As the brightest object in the heavens, the sun has always captured the fascination of those humans who gazed upon it. The Basques, of course, were no different. As the source of warmth, and thus its connection to nature and growth, it is central to several myths and stories. Much of what we know about what those pre-Christian Basques thought about the cosmos and the sun in particular comes from the work of Jose Migel Barandiarán.
- As the sun set, Basques thought that the sun was entering the bosom of the earth. While the sun was called grandmother, the earth was the sun’s mother. At sunset, Basques would say “Eguzki amandrea badoia bere amangana [Grandmother sun goes to her mother]” or “Eguzki santu bedeinkatue, zoaz zeure amagana [Holy and blessed sun, go to your mother].”
- At least one story suggests that, at night, the sun travels underground. A brother, who had a rooster, saw a group of men hitting a rock with a stick. When he asked what they were doing, they said “Opening the day so that the sun can warm the world.” The brother responded “Go to sleep. This animal that I bring will be in charge of opening the day. When I sing kikiriki, get up and you will see how it is daytime.” They did so and indeed, when the rooster crowed kikiriki, the day had already dawned.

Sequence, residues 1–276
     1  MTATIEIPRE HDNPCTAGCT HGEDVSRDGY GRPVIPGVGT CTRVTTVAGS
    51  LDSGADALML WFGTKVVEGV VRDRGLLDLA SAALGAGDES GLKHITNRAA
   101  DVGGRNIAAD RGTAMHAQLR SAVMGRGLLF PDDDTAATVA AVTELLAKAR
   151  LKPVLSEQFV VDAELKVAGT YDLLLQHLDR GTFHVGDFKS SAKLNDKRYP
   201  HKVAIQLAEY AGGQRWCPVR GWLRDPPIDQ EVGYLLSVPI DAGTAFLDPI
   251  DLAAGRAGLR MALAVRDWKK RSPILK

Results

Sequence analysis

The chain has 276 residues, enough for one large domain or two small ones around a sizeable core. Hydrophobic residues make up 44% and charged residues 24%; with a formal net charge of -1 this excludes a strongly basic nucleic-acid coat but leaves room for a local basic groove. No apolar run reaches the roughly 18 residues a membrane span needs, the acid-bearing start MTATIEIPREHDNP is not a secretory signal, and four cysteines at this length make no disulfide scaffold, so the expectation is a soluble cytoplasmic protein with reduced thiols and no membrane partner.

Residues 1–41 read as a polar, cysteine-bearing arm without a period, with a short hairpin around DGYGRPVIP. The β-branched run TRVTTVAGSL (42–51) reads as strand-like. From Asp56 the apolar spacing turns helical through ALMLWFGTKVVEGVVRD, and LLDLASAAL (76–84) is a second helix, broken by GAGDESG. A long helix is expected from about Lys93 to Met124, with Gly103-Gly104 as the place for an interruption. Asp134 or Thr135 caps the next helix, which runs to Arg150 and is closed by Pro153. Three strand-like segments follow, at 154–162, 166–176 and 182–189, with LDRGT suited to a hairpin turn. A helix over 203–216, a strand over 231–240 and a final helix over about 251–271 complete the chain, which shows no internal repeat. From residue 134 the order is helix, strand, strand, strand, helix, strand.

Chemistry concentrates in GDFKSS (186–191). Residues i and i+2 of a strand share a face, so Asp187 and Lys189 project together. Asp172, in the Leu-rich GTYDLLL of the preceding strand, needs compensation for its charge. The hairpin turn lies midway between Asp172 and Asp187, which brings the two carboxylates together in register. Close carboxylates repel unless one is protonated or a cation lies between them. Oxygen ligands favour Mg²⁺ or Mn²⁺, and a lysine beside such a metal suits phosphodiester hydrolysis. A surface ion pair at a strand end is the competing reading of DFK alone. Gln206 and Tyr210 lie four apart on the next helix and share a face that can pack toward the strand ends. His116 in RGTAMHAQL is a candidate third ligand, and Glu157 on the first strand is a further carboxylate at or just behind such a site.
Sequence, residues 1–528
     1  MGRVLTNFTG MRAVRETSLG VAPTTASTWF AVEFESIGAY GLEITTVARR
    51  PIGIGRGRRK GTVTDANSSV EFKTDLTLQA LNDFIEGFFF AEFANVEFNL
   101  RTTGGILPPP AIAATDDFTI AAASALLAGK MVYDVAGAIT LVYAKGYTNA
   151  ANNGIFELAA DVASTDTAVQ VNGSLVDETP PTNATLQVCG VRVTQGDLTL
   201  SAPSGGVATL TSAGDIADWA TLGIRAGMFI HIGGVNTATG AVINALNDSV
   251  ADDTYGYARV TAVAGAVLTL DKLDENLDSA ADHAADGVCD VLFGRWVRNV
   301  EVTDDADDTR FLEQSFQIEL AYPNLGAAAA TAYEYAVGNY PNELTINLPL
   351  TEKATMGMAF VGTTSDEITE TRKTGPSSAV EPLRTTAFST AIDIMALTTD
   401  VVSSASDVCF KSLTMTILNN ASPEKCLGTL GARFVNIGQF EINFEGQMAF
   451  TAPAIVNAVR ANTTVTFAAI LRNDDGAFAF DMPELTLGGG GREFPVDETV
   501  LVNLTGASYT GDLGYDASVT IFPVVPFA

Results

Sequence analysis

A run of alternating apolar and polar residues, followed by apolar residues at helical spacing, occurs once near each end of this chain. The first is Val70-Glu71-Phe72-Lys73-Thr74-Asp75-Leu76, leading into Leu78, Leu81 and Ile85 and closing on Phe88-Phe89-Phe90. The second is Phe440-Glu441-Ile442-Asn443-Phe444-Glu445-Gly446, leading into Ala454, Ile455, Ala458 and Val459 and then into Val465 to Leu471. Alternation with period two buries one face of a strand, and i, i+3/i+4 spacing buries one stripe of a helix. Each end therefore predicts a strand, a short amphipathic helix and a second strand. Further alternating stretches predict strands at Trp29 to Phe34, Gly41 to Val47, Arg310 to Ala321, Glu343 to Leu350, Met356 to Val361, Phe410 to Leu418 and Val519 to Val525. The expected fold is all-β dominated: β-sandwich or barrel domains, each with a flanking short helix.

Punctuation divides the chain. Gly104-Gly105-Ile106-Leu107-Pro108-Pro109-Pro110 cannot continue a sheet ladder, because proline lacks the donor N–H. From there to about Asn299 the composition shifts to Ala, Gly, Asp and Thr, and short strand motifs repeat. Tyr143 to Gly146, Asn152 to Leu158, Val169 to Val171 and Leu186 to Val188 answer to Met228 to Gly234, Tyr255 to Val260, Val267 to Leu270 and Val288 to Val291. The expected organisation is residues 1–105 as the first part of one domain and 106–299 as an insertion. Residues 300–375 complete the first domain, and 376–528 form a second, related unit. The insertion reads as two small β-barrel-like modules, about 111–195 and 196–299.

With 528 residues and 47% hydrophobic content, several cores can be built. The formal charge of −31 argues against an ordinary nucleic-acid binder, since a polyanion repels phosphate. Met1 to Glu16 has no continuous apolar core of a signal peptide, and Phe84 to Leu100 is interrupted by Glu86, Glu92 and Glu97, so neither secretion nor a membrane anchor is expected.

- While eguzki is a wide-spread name for the sun, in some regions of the Basque Country they used iguzki, and related names such as iruzki and iluski. This leads to an interpretation that, originally, these words meant something like “hole of fire” and “hole of the celestial vault,” respectively, suggesting another view of the cosmos, one where the sun wasn’t an object but a hole through which sunlight came through the heavens and reached the earth.
- As in many parts of the world, sunlight is a ward against evil, and many creatures, not just evil ones, flee in its presence. In the Basque Country, a number of symbols have arisen to represent the sun and help ward off evil: the thistle flower (the eguzkilore, the flower of the sun), the lauburu, and the fact that many tombs and houses were oriented to the east, toward the rising sun.
Primary source: Hartsuaga Uranga, Juan Inazio. Sol. Enciclopedia Auñamendi, 2020. Available at: http://aunamendi.eusko-ikaskuntza.eus/es/sol/ar-109005/